As Newman’s writings witness, what he passed along to the faithful were the definite things he received from the Lord in prayer and the deep practice of the liturgical life of the Church. Indeed, the continued publication of Newman’s writings attest to this pithy precept: “necessary is it to have something to say, if we desire anyone to listen” (424). Even huddled in the silence of his study, Newman never lacked “something to say.” Undeniably, every page of this collection, drawn together by Dr. Kwasniewski, crackles with verve, style, and relevance for the spiritual life and indeed, the liturgical life. Perhaps the one thing lacking in this already-large volume would be the collection of sermons that Newman preached between 1824 and 1843, Sermons on the Liturgy and Sacraments and on Christ the Mediator (unpublished during Newman’s lifetime, and only recently published for the first time).
Newman in Christ
The “life’s work” of John Henry Newman is described by Pope Benedict XVI “as a struggle against the growing tendency to view religion as a purely private and subjective matter.” This volume draws one into the spirit Newman found in the liturgy: an “experience of the truth of God’s word, of the objective reality of Christian revelation as handed down in the Church” and especially through her liturgy (Pope Benedict XVI, Address at the Prayer Vigil on the Eve of the Beatification of Cardinal John Henry Newman). What is on offer in this selection of texts moves the reader to assent to the proposition that the heart of Newman did indeed beat with the spirit of the liturgy—not simply in a cursory way, but rather in ways that became, in Newman’s own words, “deep, and broad, and full.”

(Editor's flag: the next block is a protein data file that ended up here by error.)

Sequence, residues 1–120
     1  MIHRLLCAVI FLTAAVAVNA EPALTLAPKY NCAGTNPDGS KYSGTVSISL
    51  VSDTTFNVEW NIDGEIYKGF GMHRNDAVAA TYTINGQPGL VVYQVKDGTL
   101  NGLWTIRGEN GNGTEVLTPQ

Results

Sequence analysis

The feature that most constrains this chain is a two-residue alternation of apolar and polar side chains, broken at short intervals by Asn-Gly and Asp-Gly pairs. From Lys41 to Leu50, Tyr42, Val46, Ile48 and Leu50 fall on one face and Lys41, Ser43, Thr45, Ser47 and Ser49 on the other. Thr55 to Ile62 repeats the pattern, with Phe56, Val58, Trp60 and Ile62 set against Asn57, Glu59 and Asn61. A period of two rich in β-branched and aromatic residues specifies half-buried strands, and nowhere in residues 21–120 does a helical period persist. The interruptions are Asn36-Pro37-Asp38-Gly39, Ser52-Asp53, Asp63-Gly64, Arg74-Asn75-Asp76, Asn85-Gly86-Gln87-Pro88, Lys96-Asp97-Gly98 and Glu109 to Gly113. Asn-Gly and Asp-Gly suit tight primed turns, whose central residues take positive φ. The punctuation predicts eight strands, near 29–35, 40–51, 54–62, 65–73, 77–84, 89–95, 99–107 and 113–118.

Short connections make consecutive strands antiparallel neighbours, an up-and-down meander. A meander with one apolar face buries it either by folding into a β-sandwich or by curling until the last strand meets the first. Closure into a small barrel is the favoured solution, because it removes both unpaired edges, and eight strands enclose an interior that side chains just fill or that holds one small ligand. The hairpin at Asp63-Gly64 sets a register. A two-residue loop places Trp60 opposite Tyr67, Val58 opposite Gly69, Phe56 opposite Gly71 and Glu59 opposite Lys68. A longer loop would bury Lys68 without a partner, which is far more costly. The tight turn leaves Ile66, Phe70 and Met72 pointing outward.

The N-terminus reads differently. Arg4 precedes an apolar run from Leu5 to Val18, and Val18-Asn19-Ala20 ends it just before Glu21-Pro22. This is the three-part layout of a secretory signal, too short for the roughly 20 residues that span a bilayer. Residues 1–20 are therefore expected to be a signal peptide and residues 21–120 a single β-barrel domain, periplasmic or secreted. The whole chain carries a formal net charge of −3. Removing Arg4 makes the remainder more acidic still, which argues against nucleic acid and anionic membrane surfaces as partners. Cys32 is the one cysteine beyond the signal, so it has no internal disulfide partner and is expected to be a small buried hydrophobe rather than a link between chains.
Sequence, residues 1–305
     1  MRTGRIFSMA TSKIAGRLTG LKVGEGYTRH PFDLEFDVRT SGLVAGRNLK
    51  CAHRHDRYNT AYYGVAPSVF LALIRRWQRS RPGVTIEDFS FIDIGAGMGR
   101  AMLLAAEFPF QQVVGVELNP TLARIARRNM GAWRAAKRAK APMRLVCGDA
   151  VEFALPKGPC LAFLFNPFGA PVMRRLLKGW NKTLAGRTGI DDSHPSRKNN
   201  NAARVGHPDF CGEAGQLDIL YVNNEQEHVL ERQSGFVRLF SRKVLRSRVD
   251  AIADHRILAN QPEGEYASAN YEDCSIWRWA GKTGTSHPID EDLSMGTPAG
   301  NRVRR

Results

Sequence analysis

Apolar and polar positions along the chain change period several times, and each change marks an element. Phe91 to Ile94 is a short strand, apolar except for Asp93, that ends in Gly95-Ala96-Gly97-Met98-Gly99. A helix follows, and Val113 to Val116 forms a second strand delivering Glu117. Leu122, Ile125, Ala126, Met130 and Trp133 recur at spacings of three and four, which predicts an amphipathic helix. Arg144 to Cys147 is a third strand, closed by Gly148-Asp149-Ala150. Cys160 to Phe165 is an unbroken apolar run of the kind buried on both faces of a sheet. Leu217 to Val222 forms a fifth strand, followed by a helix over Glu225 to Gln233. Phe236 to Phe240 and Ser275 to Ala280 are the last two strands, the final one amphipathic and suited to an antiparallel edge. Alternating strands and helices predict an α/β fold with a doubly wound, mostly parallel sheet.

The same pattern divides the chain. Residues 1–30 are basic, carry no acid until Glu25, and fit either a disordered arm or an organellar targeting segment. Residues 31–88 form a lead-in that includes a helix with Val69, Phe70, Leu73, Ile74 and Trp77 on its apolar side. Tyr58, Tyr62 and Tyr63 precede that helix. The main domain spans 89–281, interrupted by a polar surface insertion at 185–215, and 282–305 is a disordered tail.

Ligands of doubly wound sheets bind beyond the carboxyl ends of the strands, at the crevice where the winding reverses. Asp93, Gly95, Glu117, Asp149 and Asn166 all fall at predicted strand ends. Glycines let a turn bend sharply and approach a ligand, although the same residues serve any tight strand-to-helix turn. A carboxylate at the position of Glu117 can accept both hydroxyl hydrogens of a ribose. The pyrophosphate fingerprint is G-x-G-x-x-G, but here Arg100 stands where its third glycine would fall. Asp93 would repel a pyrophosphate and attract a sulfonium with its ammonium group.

Avery Cardinal Dulles, Newman (Outstanding Christian Thinkers) (New York: Bloomsbury Academic, 2003), 155. ↑